People usually associate coffee with bitterness because they’re exposed to the practically-burnt coffees served at the majority of coffee shops. Most people don’t even know that coffee is a seasonally-grown fruit, and that what we consume is the seed. Sabique, our head of operations and roasting, uses his decade of expertise to make sure we roast each bean to the optimal level to bring out its flavours. For many people, the tastes we can coax out of local beans is a revelation.
From the grinder and the espresso machine (which we calibrate twice a day), to the cups and even the ice cubes, everything is purely about the coffee.
You said you keep your menu simple. What is your main focus?
We highlight filter coffees, specifically pour-overs, so that you can identify the tasting notes of each coffee. It’s the best way for us to showcase our roasting capabilities.
To complement our coffees we use the best ingredients. For example, for our Espresso Tonic we use Fever Tree tonic imported from London.
Where do you source your beans?
Single origin is our theme, as we feel it is important to appreciate where the coffee comes from. Every coffee has a distinct and complex profile so we prefer to present the coffee the way it is produced from one single plantation.
For our espresso we use just one bean as our base, an experimental award- winning bean from Chiang Mai called ‘Hey 19.’ For our filters, we have five different selections of beans: from Chiang Mai, Colombia, Ethiopia, El Salvador, and Rwanda. As micro-roasters, we work with top-grade coffee beans sourced directly from the farm.
What exactly is micro-roasting? Can you walk us through your roasting process?
Micro-roasting means that we roast coffee beans in batches, not en masse. There are so many properties locked in coffees and it is our jobs as roasters to unleash those luscious flavor notes.
First, we receive the raw (unroasted and green) coffee beans and check them for defects. We run a small amount of each coffee through our sample roasting machine, which will use a software to set different roasting profiles.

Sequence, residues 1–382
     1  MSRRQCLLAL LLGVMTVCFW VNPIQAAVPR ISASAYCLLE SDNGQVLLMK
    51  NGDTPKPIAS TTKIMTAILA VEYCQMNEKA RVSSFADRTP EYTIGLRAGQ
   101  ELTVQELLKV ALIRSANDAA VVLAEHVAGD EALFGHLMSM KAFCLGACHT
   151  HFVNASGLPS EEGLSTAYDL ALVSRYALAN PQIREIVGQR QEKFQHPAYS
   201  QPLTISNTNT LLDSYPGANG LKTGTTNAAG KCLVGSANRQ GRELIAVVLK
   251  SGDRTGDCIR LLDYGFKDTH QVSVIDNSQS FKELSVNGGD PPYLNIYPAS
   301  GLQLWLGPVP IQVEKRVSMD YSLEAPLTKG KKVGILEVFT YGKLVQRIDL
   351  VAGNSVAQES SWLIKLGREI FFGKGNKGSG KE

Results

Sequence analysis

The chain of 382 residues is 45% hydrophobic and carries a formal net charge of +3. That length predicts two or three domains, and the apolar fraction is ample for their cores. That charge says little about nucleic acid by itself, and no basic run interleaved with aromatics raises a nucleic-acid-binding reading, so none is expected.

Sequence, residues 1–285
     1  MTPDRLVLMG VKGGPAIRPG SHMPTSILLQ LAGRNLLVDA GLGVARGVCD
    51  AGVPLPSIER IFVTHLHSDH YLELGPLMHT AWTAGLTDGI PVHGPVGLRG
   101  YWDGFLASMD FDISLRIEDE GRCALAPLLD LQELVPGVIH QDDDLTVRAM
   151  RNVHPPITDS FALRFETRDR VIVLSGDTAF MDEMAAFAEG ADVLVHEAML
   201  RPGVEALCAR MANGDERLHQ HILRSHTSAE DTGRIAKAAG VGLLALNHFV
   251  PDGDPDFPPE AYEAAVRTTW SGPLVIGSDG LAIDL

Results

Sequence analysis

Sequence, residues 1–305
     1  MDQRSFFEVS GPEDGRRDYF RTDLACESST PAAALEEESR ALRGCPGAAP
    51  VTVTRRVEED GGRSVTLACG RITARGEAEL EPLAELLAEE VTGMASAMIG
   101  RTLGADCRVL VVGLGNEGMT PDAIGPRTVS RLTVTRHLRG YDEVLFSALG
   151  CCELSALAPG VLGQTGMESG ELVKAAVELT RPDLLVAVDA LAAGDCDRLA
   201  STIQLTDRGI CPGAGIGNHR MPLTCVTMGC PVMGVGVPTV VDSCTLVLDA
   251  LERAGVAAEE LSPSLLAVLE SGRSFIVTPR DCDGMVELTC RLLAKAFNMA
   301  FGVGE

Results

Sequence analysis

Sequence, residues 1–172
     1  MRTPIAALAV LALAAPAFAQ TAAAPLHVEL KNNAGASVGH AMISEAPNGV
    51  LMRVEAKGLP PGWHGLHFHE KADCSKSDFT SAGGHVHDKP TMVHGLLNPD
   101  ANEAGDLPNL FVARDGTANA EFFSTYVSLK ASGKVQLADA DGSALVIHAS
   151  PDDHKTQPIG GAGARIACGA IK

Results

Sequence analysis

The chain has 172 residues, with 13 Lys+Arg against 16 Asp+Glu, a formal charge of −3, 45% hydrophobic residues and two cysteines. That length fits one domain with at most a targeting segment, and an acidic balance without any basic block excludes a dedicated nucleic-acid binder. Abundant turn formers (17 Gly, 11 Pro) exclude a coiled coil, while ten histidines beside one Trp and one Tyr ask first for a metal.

At Kohi, we create about eight profiles for new coffees, and after each one has rested, we hold a ‘cupping session,’ where we analyse the aromas, body, mouthfeel and taste of each profile to find the best one for our customers.
How would you address the growing environmental and ethical concerns behind the consumption of products such as coffee?
We’re 100 percent plastic-free. Everything we do here is eco-friendly, from the cups, to the straws, to the take-away packaging.
In the long run, as we expand, I do want to work directly with farmers to make things more sustainable, especially with Thailand’s burgeoning coffee industry.
What do you think the future of Thailand’s coffee industry looks like?
The specialty coffee scene has grown tremendously in Thailand, with vendors discovering new and innovative ways of producing coffee. There is currently a 90 percent import duty for all imported coffee beans, which can be an issue as Thailand does not have the natural resources to produce the best coffees, but this is changing slowly but steadily.
What is your long-term goal here at Kohi?
We want people to understand that Thai coffees can compete on a global scale, and we want Thai people to be more knowledgeable about the coffees they consume or even serve. It is important that customers are aware of where the beans are sourced from, whether or not they are sourced ethically, and that they understand the effort that goes into the coffee before it is served. Only then can coffee truly be appreciated.